While allowing its creators and publishers to monetise their content, Facebook wants to make sure that advertisers feel comfortable knowing what kind of content their ads are appearing with. That’s why it introduced monetisation eligibility standards last week.
Facebook wants to support its creators and publishers, no matter how diverse they are, by giving them ways to monetise their content. Whether that’s through Branded Content, Instant Articles, and more recently Ad Breaks, Facebook allows them to connect with fans and earn money in the process. As monetisation options grow and increase in number, Facebook sees the need to have a set of clear guidelines around what can and what can’t be monetised. Here’s where the new eligibility standards come into the picture.
In a recent blog post, Nick Grudin, VP of Media Partnerships at Facebook announced that the company was introducing monetisation eligibility standards for the first time, so that its over 5 million advertisers on the platform can “feel confident and in control over where their ads appear.” As Grudin explains,
[quote]These standards provide clearer guidance around the types of publishers and creators that are eligible to earn money on Facebook, along with guidelines on the kind of content that can be monetized. [/quote]
He also explained that these are similar standards to those for publishers monetising their own sites and apps through the Audience Network. With the new standards, Facebook‘s goal is to make sure that those who are violating intellectual property, authenticity, and user safety policies, or conducting fraudulent activities, will be ineligible to monetise their content. For one, “creators and publishers must have an authentic, established presence on Facebook” they must be who they claim to be, and have a Page on Facebook for at least 30 days. Ad Breaks may require a “sufficient follower base” as well.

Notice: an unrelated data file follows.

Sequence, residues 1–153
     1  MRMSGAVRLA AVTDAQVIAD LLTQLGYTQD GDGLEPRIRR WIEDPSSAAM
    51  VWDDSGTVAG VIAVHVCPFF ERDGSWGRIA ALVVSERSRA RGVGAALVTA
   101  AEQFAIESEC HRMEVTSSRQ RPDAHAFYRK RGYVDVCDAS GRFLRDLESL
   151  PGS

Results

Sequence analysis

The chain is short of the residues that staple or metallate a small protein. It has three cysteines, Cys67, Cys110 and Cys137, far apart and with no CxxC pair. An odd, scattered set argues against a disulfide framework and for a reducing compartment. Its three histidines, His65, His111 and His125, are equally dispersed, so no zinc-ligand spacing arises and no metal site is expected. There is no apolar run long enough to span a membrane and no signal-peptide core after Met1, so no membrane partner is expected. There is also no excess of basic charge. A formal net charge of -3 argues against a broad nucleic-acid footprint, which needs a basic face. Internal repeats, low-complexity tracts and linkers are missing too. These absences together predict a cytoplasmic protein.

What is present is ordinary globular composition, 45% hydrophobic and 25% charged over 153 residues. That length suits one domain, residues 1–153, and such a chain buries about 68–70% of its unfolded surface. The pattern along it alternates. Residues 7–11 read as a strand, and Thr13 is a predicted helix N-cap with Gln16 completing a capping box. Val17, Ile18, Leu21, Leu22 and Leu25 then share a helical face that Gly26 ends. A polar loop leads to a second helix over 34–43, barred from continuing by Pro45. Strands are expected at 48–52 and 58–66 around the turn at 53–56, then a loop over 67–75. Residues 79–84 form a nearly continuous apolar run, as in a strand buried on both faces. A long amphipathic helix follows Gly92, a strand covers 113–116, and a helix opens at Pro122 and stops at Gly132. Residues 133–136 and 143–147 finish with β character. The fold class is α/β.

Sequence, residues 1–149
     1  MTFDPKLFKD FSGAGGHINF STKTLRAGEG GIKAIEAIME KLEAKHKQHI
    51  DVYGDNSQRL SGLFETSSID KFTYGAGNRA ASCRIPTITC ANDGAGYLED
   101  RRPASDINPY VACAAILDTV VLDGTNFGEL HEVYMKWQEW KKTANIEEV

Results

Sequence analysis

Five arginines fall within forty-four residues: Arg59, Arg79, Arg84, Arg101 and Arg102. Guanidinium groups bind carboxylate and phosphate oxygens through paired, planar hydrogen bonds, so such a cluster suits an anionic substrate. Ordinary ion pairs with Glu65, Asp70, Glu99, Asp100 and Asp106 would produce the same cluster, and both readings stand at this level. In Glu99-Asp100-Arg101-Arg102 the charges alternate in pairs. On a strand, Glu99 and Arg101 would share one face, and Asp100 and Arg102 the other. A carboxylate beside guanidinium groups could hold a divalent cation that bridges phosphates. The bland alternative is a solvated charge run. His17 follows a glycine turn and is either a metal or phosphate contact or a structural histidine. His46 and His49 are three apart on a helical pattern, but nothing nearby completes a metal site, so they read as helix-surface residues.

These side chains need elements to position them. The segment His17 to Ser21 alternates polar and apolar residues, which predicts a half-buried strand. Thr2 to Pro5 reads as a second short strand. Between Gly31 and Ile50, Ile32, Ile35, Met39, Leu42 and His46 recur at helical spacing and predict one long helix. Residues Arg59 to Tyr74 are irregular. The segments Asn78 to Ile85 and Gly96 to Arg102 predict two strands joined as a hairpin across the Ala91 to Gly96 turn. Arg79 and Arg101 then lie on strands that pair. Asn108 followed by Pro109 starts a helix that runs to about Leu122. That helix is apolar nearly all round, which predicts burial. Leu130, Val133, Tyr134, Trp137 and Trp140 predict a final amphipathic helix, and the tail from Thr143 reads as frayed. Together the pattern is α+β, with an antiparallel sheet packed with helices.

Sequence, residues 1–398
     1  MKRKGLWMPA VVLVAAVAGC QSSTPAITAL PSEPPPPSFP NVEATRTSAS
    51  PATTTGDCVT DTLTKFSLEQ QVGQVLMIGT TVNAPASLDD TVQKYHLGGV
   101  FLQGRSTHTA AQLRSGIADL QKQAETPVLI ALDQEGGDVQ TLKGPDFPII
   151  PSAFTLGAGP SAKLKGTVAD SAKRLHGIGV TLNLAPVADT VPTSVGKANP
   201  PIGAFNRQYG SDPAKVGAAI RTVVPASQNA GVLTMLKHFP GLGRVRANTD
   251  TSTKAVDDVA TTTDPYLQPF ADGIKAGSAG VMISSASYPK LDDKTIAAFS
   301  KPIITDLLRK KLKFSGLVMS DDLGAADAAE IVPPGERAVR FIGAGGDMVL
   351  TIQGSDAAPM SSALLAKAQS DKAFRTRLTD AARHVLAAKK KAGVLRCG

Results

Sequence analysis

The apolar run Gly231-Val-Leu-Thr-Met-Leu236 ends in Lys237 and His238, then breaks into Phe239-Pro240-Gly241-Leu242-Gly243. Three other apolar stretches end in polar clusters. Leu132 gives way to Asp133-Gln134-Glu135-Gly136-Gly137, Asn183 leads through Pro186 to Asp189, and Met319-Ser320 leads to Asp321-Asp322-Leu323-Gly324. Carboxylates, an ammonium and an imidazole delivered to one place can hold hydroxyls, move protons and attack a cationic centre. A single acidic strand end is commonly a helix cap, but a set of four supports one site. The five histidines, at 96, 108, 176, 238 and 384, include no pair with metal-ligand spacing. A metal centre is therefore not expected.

Publishers who repeatedly violate “Content Guidelines for Monetization, share clickbait or sensationalism, or post misinformation and false news” may also lose their eligibility. Guidelines include more detail about what advertisers would consider to be sensitive or not and they apply to Facebook videos for now. Over time, they will also apply to Instant Articles as well.
Of course, keeping on the right side of the guidelines doesn’t necessarily mean that content will be monetised effectively. Brands can also choose to use brand safety controls to customise the presence of their ads.
More from Facebook
Facebook's long awaited "clear history" tool is finally rolling out. It is now called "Off-Facebook Activity" and is available today …
Facebook has announced that it has filed suit against two app developers who used malware to create fake user clicks …